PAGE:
Fortunately protection is now available under the Localism Act 2011 for pubs in England to be classified as an Asset of Community Value (“ACV”) and CAMRA is playing an important campaigning role by educating and assisting pubs and communities in the process of securing ACV status with local councils. It is worth noting, however, that not all ACV applications are approved.

Take, for example, the Ale House in Reading town center: its application was denied because it didn’t demonstrate unique value as a community asset when compared to all the other pubs in close proximity. Also, ACV status does not guarantee the survival of a pub. In the event that a pub owner wishes to sell, demolish or change use, the ACV simply provides a 6-month window of opportunity for the local community to acquire the pub. If no agreement is reached after 6 months the owner can do whatever they want subject to planning permission.

As of November 2016 applications have been submitted for the following Reading area pubs:

Approved Denied
  • Retreat
  • Nags Head
  • Spread Eagle
  • Foresters Arms
  • Three Tuns
  • Eldon Arms
  • Jolly Anglers
  • Castle Tap
  • Grosvenor (Caversham)
  • Butchers Arms (Tilehurst)
  • Red Cow (Caversham)
  • Red Lion (Theale-WBC)
  • Alehouse (Reading)
  • Wynford Arms (Reading)
  • Maiden Over (Earley-WOK)
  • Thatchers (Woodley-WOK)


To view the latest Reading area ACVs registered with the local councils:

Reading Borough Council | West Berkshire Council | Wokingham Borough Council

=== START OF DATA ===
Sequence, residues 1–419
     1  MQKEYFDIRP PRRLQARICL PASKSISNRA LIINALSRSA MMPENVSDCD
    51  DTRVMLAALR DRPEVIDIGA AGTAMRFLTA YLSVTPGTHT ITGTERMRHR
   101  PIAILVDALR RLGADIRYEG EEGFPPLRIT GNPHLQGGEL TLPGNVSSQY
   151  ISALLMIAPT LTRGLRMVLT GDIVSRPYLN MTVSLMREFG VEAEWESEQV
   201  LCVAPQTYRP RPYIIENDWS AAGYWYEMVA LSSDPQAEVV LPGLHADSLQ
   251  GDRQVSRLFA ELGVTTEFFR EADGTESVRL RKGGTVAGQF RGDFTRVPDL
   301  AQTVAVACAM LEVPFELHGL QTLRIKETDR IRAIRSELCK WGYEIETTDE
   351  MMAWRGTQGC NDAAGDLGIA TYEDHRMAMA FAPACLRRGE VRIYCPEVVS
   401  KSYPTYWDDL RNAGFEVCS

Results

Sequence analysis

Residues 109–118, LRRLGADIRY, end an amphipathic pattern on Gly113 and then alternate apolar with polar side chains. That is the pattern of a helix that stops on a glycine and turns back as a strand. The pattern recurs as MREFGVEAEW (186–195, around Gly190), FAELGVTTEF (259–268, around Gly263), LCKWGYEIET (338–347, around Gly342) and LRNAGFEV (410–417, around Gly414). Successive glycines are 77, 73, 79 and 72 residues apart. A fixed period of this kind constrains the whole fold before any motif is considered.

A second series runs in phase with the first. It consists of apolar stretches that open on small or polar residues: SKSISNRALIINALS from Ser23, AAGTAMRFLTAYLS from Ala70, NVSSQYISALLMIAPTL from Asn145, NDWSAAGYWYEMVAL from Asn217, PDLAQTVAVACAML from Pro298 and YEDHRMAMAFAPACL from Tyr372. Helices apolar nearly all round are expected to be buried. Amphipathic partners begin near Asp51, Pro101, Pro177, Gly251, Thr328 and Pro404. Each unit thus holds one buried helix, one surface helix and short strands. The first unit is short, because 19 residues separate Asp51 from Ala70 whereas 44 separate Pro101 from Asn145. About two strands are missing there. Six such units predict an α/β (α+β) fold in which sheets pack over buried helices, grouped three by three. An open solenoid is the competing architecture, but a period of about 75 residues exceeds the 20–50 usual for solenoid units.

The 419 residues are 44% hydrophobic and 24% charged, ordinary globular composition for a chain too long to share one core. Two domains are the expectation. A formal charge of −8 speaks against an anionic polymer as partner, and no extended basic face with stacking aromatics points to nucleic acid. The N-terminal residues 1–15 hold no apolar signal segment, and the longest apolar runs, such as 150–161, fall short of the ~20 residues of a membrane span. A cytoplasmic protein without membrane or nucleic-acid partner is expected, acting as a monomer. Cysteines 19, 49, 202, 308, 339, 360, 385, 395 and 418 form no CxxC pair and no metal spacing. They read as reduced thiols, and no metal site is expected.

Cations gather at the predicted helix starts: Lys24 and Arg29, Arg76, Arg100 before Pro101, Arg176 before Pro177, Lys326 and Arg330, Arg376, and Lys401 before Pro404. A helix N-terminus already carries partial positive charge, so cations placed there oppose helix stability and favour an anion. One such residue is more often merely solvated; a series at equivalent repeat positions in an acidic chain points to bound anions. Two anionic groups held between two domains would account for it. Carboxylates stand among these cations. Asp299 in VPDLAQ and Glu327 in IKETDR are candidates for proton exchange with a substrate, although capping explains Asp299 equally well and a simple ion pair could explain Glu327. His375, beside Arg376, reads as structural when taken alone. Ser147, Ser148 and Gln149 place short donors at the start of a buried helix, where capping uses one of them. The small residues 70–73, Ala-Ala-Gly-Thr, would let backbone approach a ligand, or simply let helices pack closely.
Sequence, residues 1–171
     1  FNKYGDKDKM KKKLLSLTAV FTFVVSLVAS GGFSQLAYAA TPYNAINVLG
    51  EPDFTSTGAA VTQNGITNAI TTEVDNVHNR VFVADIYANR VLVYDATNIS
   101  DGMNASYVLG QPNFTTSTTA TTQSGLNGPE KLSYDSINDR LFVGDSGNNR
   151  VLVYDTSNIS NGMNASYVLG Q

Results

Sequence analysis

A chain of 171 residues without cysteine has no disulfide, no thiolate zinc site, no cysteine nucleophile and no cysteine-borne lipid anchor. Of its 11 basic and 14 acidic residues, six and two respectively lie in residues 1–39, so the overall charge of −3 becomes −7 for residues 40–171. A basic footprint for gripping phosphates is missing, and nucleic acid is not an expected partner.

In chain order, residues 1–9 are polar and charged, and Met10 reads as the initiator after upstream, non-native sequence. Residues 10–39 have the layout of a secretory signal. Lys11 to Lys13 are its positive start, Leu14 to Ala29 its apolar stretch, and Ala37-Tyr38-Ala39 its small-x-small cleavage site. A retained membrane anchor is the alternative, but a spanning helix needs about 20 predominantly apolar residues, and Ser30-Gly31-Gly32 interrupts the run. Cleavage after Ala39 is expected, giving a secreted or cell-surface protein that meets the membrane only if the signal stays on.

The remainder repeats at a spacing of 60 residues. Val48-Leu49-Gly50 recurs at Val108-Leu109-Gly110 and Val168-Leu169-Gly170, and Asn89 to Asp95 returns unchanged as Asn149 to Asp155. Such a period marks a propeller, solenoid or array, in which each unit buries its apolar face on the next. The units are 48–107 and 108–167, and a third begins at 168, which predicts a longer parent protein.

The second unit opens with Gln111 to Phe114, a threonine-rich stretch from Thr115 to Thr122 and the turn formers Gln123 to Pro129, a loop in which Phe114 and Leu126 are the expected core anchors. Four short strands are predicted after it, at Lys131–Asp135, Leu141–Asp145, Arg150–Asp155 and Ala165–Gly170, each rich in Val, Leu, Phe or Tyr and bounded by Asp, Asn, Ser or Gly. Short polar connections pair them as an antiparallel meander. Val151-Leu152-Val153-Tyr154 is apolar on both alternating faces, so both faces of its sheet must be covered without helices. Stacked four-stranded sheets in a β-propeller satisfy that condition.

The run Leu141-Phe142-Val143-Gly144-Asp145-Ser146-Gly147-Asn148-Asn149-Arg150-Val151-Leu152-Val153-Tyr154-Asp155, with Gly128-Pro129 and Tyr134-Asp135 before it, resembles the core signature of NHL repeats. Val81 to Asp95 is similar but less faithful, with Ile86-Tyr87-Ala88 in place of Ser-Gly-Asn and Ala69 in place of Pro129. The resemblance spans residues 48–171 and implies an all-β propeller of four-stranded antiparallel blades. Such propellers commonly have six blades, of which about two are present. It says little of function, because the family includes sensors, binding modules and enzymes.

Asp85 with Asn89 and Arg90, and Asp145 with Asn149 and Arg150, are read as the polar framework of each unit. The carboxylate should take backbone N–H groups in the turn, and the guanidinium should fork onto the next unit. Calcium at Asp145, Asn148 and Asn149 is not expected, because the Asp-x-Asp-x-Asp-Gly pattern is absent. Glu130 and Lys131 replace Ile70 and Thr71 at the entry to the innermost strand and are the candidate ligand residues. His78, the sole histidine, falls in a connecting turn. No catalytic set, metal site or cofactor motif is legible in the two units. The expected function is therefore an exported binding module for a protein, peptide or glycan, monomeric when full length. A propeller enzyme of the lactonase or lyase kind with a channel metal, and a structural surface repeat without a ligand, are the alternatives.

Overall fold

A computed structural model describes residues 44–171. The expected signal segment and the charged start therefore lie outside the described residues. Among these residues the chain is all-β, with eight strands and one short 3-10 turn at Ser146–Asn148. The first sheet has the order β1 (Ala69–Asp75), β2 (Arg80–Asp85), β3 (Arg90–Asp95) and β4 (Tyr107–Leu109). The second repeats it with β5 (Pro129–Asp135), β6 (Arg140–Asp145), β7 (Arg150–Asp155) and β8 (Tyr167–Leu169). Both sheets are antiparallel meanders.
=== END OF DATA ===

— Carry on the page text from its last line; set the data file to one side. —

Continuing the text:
I don’t know what’s up with Wokingham but out of 10 submitted ACVs only 1 has been approved while 8 were denied (1 withdrawn). Given the identical ‘form letter’ response to all 8 failed applications, a cynic might suggest that Wokingham is not bothering to perform a thorough individual evaluation of nominations to its ACV register. Meanwhile West Berkshire has approved 9 applications and denied just 1.



2 thoughts on “Protecting Our Pubs: Assets Of Community Value

  1. I understand some of the thinking behind this, but disagree with a couple of things.

    Firstly, to summarily dismiss all ‘precinct’ or estate pubs seems pretty snobbish. While nobody would call the Chequers in Woodley a good pub, were it to be wrested from pubco ownership it could easily become a haven of the type you describe, given the largely affluent community it serves. Over the railway the Maiden Over, until it was shut by Britain’s biggest pubco Enterprise Inns while making money because Tesco had dangled a cheque, was the very definition of a good 1950s pub on a precinct, serving an estate: a wide range of community uses as well as a good range of local beers.